Jan/Feb 2016 Poetry

Two Poems

by Arjun Rajendran

Artwork by Marie Massey

Artwork by Marie Massey

Gangtok, 1989

For Goutham

In a bookstore, that foggy afternoon, I espied
a brand new issue of "Archie Andrews,
Where are you?"
She said no. I couldn't have
it. I ought to have let it go, been more like
my cousin beside me, ever so undemanding
and contained. I ran out instead, cussing, desperate
to make a point. The rage deflated
only at the street's end, amongst strangers
and chow mein. I started walking back, panic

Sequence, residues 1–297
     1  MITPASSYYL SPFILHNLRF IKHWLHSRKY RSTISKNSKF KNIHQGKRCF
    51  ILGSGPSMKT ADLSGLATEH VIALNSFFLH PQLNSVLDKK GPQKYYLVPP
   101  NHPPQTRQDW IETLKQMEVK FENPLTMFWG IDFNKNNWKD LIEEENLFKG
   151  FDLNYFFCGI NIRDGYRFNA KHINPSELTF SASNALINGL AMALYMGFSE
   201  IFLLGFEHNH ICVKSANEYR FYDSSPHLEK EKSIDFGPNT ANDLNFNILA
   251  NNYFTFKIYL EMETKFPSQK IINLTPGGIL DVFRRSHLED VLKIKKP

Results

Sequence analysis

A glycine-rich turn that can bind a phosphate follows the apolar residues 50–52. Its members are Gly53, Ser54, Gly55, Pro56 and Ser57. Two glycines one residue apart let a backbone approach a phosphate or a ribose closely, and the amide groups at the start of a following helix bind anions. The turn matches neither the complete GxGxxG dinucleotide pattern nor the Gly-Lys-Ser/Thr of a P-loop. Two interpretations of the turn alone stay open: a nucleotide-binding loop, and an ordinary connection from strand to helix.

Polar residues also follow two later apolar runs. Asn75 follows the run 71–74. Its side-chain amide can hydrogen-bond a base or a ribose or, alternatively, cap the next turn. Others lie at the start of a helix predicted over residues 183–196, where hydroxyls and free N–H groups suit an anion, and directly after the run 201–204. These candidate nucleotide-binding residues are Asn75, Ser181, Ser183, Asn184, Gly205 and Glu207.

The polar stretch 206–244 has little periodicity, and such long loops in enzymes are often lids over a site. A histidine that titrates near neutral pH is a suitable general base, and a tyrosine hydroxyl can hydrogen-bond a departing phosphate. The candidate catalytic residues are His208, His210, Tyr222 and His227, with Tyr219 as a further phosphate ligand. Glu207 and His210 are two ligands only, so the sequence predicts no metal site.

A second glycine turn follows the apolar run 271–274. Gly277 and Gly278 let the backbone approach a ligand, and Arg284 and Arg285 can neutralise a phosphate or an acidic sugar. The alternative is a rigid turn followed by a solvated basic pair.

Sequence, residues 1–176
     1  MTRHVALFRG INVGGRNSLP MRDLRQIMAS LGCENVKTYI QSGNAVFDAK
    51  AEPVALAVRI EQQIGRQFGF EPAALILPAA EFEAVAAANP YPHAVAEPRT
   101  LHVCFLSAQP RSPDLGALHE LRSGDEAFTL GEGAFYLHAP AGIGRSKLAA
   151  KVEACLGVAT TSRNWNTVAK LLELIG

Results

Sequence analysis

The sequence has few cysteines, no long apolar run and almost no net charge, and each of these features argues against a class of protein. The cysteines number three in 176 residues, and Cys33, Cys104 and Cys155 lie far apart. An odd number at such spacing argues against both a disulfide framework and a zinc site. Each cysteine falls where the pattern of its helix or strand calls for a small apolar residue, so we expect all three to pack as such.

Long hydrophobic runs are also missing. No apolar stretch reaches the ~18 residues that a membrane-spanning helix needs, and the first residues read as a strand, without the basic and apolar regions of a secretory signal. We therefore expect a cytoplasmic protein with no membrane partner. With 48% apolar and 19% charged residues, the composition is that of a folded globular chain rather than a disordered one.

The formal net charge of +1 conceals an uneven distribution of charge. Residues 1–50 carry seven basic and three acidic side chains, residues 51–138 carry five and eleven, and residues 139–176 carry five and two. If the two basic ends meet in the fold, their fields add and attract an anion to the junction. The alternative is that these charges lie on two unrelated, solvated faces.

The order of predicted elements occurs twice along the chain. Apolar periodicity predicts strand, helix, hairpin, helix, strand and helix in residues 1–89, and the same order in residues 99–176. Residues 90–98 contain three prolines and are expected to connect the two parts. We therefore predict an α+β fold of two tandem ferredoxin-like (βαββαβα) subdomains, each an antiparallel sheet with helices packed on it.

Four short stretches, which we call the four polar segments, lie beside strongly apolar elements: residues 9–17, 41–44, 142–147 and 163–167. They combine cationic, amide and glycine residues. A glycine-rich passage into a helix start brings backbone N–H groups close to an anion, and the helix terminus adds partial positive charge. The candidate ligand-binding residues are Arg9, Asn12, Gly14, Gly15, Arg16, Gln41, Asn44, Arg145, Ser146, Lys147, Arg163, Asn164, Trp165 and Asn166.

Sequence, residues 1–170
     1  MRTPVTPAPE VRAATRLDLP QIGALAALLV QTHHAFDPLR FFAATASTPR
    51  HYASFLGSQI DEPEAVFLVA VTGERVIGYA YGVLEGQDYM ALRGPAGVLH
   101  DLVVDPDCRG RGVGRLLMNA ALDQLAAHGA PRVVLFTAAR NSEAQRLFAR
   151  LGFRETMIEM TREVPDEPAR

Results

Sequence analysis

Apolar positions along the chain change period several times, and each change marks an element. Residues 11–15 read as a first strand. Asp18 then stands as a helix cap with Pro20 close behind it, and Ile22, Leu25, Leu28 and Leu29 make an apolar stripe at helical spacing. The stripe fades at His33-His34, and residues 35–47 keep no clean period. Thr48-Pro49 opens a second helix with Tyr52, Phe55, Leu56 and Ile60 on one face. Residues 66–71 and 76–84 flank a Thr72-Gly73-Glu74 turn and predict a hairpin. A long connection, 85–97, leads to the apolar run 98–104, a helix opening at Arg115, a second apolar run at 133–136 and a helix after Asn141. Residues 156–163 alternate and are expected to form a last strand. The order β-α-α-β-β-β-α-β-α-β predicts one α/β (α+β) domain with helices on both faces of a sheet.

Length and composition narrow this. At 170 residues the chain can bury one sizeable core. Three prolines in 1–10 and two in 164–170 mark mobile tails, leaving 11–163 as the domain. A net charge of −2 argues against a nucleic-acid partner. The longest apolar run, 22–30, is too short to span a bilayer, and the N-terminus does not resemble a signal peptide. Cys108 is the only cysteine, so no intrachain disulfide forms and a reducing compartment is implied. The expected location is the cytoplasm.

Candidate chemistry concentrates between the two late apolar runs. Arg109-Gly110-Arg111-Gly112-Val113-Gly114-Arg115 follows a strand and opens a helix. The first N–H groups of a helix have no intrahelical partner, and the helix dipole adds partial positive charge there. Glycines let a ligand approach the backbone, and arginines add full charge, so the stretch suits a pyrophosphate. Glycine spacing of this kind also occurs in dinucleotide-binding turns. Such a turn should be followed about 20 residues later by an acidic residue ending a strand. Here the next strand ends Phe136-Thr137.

throttling my senses, and reached the unknown
as an ant lost in a bellybutton. Anguish
irradiating from rooftops. I wept around
the traffic of pedestrians, to the snow capped
nonchalance of Kangchenjunga, unable to get
past "Where are you?" "Where are you?"



My mother gave up mangoes
after I nearly got killed
on the freeway. It's a deal she's struck
with god, to protect me in exchange
for the one thing she cherished.
It's now been years since
she last savored a mango,
since that accident when I was
almost pulped by a truck. So my luck
doesn't run out like the juice
once did from the corners of her mouth.


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